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One cold December day in the early 1980s, Mitt Romney loaded up his Gran
Torino with firewood and brought it to the home of a single mother
whose heat had been shut off just days before Christmas.
Years after a business partner died unexpectedly, Romney helped the man’s surviving daughter go to medical school with loans for tuition — loans he forgave when she graduated.
And in 1997, when a fellow church member’s teenage son fell seriously ill, Romney sprinted to the hospital in the dead of night, where he kept vigil with his terrified parents.
Stories like these — tales of long hours spent with grieving families, financial assistance to those in need and timely help given to strangers whether asked for or not — abound in the adult life of the Republican presidential candidate. Many of them, though not all, are connected to his work as a Mormon bishop.
And yet these stories are largely absent on the campaign trail.
Some supporters believe he isn’t touting them because it’s impossible to separate the good works he’s done from a Mormon faith that demands them — a faith that has by all accounts been a defining influence in his life, yet which the campaign has been determined to keep out of the political conversation.
But taken together, the stories point to a central contradiction between Romney the candidate and Romney the person. In short, a man weighed down by the image of a heartless corporate raider who can’t relate to people actually has a history of doing remarkably kind things for those in need.
Many people close to Romney find the contradiction maddening.
“The people that know him — the picture the media paints is not the Mitt that I know,” Romney’s oldest son, Tagg, told The Daily. “And I wish I could do something about it. I can’t tell you how many people tell me that.”
Democrats would scoff that whatever good Romney has done in his personal life doesn’t mean his policies would be any less destructive for those same struggling people.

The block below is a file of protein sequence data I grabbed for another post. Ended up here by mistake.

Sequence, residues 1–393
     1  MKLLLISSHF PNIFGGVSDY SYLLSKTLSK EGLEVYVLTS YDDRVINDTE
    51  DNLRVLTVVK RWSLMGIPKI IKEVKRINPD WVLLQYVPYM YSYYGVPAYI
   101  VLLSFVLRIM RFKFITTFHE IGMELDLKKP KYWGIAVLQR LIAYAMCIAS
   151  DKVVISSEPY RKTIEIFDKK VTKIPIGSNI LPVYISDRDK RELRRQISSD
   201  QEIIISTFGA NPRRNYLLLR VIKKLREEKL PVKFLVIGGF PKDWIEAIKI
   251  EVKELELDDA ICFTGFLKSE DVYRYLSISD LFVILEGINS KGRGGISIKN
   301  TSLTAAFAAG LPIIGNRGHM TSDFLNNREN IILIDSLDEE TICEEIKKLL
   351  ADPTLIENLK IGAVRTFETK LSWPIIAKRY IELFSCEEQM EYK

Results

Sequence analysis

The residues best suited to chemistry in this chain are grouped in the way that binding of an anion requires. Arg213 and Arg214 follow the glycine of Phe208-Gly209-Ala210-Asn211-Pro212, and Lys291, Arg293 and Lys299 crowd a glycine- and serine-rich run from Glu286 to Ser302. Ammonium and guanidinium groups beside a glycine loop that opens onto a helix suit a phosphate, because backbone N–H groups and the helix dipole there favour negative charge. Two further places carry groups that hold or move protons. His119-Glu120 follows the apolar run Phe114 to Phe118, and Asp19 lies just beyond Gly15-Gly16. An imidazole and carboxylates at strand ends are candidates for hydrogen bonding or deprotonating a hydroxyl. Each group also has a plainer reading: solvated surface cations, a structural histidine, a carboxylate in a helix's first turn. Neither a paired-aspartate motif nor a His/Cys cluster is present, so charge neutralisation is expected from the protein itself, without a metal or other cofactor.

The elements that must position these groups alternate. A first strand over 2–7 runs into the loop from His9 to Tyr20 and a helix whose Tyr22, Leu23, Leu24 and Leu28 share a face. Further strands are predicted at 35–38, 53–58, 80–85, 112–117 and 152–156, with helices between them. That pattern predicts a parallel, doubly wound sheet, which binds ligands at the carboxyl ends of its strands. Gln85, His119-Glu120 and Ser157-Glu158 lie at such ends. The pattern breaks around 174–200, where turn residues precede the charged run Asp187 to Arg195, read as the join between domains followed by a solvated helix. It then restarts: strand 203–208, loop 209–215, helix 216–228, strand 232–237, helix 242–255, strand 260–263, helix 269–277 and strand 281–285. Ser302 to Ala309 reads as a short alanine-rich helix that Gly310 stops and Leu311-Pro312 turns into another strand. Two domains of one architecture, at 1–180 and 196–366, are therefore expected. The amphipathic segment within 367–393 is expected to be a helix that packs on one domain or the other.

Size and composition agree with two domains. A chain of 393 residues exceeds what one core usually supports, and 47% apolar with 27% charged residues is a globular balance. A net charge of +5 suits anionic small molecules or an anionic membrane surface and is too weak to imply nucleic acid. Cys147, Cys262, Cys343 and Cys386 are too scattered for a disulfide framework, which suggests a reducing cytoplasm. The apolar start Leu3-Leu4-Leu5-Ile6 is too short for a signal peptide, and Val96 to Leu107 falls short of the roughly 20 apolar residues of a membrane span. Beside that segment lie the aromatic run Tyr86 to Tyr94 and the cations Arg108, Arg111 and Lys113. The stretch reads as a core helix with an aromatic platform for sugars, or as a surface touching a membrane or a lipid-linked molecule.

“No one is questioning whether or not Mitt Romney has a nice family or has lived a life of success in which he’s tried to give something back,” said Jen Psaki, a Democratic strategist and former communications staffer in the Obama White House. “But that doesn’t matter to people who are still struggling, families that are trying to pay for college, people trying to pay for health insurance, middle class families who are trying to make ends meet. [Romney] hasn’t shown a plan to help them. That’s what voters are looking for, and he leaves a lot to be desired on that front.”
But as his campaign tries to humanize the often-stiff candidate, who was forced to apologize last week for bullying a prep school classmate, friends and supporters see an opportunity in these stories and others like them. Some are being reported for the first time here; others have slowly emerged in reports over the years. Even some Romney insiders are unfamiliar with the tales, underscoring the extent to which Romney himself has kept them out of his political narrative.
“I do think they should [tell these stories] because it rounds out who he is,” said Rick Wilson, a Florida-based Republican strategist who’s not affiliated with the campaign. “It also shows people that here’s a guy who lives his personal values — he’s not just a politician. The fact that they never made a big deal out of this stuff says something itself.”